fullness. Beasts of prey and other enemies to the ascending path of life are to be swept out of the way.?

But is not the brute a part of that Nature, which has been subjected to vanity, which groans and travails in pain and which waits to be redeemed? The answer seems to be that the brute is a mere appendage to man, has no independent value in the creation, is incapable of ethical life or of communion with God, the source of life and so has no guarantee of continuance. Man, on the other hand, is of independent value. But this is to anticipate the argument that follows. It is sufficient here to point out that there is no proof that consciousness is dependent upon the soul?s connection with a physical organism. McLane, Evolution in Religion, 261 ? ?As the body may preserve its form and be, to a degree made to act after the psychic element, is lost by removal of the brain so this psychic element may exist and act according to its nature after the physical element ceases to exist.? Hovey, Bib. Eschatology, 19 ? ?If I am in a house, I can look upon surrounding objects only through its windows but open the door and let me go out of the house, and the windows are no longer of any use to me.? Shaler, Interpretation of Nature, 295 ? ?To perpetuate mind after death is less surprising than to perpetuate or transmit mind here by inheritance.? See also Martineau, Study, 2:332- 337, 363-365.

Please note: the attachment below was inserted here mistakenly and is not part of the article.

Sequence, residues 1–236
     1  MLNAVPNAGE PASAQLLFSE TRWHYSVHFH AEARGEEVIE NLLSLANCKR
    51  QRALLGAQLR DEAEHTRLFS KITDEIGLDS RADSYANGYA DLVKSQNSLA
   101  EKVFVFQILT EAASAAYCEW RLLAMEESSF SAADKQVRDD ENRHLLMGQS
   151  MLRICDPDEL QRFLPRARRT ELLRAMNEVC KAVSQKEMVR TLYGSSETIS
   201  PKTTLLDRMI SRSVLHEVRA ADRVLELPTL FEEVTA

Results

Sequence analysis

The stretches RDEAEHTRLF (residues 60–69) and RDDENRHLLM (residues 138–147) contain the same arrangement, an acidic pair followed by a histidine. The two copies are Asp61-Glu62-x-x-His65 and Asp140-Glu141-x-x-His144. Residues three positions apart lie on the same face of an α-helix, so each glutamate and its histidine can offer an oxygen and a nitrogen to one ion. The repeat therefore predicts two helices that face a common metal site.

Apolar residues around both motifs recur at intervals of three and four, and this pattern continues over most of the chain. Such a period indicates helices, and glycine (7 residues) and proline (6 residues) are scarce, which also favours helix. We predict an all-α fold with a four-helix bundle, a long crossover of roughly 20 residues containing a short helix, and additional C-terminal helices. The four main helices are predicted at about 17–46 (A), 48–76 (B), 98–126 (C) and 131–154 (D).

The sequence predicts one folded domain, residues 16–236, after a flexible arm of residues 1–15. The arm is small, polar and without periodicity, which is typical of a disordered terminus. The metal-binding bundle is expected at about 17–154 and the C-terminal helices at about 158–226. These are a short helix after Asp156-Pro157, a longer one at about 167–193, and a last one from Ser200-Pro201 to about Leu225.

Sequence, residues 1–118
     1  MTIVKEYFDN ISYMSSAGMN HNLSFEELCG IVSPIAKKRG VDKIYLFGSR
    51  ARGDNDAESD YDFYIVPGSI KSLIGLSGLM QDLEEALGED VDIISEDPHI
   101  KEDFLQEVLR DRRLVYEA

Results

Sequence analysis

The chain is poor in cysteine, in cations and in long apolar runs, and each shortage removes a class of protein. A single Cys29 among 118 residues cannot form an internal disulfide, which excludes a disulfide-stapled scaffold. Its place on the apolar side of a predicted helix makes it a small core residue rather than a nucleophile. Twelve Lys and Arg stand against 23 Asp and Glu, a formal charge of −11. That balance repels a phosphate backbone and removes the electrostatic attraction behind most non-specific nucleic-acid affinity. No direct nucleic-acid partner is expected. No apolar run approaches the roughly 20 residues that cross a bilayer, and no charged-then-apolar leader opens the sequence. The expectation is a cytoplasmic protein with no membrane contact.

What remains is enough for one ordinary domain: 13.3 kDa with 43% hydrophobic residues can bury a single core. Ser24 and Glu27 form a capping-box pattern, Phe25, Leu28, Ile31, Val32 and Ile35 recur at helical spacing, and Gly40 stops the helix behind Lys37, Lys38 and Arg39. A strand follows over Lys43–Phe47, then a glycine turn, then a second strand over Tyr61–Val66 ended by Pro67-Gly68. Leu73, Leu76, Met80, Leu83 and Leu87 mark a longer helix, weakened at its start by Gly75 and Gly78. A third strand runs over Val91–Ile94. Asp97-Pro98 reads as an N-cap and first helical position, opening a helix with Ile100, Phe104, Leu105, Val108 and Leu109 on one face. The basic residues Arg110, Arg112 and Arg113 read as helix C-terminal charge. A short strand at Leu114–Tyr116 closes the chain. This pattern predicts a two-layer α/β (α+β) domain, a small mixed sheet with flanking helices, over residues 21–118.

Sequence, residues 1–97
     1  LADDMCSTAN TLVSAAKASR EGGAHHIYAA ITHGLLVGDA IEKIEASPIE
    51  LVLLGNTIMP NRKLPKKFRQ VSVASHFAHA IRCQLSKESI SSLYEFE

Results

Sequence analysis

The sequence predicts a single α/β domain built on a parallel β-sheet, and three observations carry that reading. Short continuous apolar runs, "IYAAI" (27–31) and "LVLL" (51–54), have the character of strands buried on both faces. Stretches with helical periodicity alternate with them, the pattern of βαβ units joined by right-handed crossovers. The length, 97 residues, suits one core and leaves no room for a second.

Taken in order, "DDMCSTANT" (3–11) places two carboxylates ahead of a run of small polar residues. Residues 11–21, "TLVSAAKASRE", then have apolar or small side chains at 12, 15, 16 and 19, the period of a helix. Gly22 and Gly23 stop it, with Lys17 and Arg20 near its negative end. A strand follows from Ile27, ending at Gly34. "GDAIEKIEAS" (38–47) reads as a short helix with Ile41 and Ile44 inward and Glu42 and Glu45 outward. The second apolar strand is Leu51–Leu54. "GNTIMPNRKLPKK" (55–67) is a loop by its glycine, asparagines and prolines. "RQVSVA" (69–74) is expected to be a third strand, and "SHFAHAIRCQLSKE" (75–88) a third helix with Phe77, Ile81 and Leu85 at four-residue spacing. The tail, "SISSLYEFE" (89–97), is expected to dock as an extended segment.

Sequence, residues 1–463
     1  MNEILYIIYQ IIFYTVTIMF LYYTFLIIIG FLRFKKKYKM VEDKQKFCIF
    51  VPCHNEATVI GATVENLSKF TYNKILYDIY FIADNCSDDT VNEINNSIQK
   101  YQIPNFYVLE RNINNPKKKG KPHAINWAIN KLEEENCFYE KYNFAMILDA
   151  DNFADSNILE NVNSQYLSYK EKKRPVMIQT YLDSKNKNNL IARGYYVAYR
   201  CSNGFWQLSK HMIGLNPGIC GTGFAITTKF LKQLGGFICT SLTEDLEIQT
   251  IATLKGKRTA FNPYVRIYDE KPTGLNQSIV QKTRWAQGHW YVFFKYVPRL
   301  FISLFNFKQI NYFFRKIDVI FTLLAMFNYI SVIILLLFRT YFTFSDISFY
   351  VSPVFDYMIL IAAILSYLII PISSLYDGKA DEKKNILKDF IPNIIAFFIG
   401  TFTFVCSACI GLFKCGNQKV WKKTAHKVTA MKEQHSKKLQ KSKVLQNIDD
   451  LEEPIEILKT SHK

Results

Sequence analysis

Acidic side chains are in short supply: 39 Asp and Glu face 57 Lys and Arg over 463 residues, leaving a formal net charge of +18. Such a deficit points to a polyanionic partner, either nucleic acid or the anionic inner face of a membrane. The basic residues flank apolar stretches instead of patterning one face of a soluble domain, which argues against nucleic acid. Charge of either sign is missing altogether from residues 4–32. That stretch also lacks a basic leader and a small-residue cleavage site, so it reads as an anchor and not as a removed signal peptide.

William James, in his Essay on Human Immortality, argues that thought is not necessarily a productive function of the brain, it may rather, be a permissive or transmissive function. Thought is not made in the brain, so that when the brain perishes the soul dies. The brain is only the organ for the transmission of thought, just as the lens transmits the light, which it does not produce. There is a spiritual world behind and above the material world. Our brains are thin and half-transparent places in the veil through which knowledge comes in. Savage, Life after Death, 289 ? ?You may attach a dynamo for a time to some particular machine. When you have removed the machine, you have not destroyed the dynamo. You may attach it to some other machine and find that you have the old time power. So the soul may not be confined to one body.? These analogies seem to us, to come short of proving personal immortality. They belong to ?psychology without a soul,? and while they illustrate the persistence of some sort of life, they do not render more probable the continuance of my individual consciousness beyond the bounds of death. They are entirely consistent with the pantheistic theory of a remerging of the personal existence in the great whole of which it forms a part. Tennyson, In Memoriam: ?That each, who seems a separate whole Should move his rounds and, fusing all The skirts of self again, should fall Remerging in

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